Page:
By Georgina Kenyon
in the Cayman Islands
Cayman Island scientists are calling for assistance to pull a unique species of blue iguana back from the brink.
The animal has a long history: DNA evidence suggests it has been around for the past three million years.
However, the mere 25 of them left on Grand Cayman seemed recently to face a dismal future.
"Time is obviously not on the side of this remarkable creature," said Fred Burton, director of the Blue Iguana Recovery Programme (BIRP).
"But there are no insurmountable biological, political or social barriers to the re-establishment of a viable wild population.
"Saving the blue iguana really boils down to the human financial resources we can direct to the task."
On the brink
The BIRP is significant in the study of how a species can be brought back from the brink of extinction.
With a heady mixture of science, iguana ingenuity, understanding of iguana psychology, and local and international support and funding - scientists believe they may just be able to bring the iguanas back to a critical mass required to sustain a population.
The blue iguana's problems stem from humans, though for the most part the damage to the iguanas has been quite unintended.
The first European settlers arrived nearly 300 years ago, and the pets that they brought with them, such as dogs and cats have continued to push the iguanas back from the coast and into less hospitable inland areas. The displacement and land-use change has accelerated with a major human population boom in the last half-century.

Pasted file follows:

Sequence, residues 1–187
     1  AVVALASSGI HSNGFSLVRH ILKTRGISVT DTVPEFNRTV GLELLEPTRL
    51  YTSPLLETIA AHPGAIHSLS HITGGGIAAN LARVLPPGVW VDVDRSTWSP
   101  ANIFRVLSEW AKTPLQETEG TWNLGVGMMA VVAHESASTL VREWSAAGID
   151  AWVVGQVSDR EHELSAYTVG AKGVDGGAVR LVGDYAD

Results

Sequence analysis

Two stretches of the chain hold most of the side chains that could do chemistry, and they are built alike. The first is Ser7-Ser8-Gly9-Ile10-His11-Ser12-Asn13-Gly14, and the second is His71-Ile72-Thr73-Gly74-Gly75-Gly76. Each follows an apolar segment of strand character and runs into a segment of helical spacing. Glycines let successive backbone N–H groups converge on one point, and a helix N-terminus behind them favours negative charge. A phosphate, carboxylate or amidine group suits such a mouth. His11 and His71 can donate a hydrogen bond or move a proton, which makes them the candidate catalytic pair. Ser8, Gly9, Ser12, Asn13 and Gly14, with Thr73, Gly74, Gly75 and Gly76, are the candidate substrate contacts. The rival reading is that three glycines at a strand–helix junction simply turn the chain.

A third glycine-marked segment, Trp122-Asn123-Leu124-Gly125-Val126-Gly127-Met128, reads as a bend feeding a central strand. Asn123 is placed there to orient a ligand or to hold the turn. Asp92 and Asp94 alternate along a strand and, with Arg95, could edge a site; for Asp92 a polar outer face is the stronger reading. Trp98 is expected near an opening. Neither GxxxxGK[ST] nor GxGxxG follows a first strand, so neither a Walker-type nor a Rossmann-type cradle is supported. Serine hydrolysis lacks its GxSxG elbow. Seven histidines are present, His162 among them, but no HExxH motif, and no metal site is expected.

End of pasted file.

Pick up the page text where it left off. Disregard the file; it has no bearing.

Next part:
The blue iguanas, named because of their skin which turns slowly from slate grey to blue throughout the day as the sun shines, were once shot and eaten by people and are still attacked by pets.
The iguanas do not instinctively recognise dogs and cats as lethal predators and the first chance to learn often ends in tragedy.
GRAND CAYMAN BLUE IGUANA
Scientific name: Cyclura lewisi
Related to iguanas found on Cayman Brac and Little Cayman, but quite distinct
Never stops growing, but growth rate slows with age
Biggest adults believed to be up to 1.4m nose to tail
Endemic to Grand Cayman, i.e. found nowhere else
Blue colour only expressed in the presence of other iguanas
The BIRP hatches and rears blue iguanas for two years, so sparing them the severe mortality that would usually decimate a year's hatch.
The pioneer blue iguanas are then released back into the wild and radio-tracked as they mature and start breeding.
These studies are providing vital information for the development and management of a protected area.
The iguanas have strong personalities and are superbly adapted to their natural environment and they are learning to cope with today's world in different ways.
As fast learners, the iguanas have expanded their natural diet of some 50 or so native plant species, to over 130 by discovering new edible plants brought to the islands by horticulturalists and landscapers.
They can also adapt to a man-made environment (if there are no dogs or cats); they are as happy sleeping under a wooden shed as in a natural rock hole.
Hope also lies with the design by BIRP workers of honeymoon suites for the iguanas breeding in captivity which include specially constructed retreats and a carefully prepared diet of fruits, flowers and assorted greenery.
"Iguanas are fairly basic in this area. Good food, plenty of sunshine and a nice place to nest and hang out and they will pretty much get on with it," said Dr Matthew Cottam, special projects officer at the Cayman Islands Department of the Environment, who works with the BIRP.
But is it too late for the iguanas? Can they be saved?
"The captive breeding programme is going from strength to strength," said Fred Burton. "Our monitored releases are working brilliantly so far.
"If we can protect enough habitat and maintain it free of unnatural predators, there is every reason to hope we can give the blue iguanas their future back.
"This is one species we can save."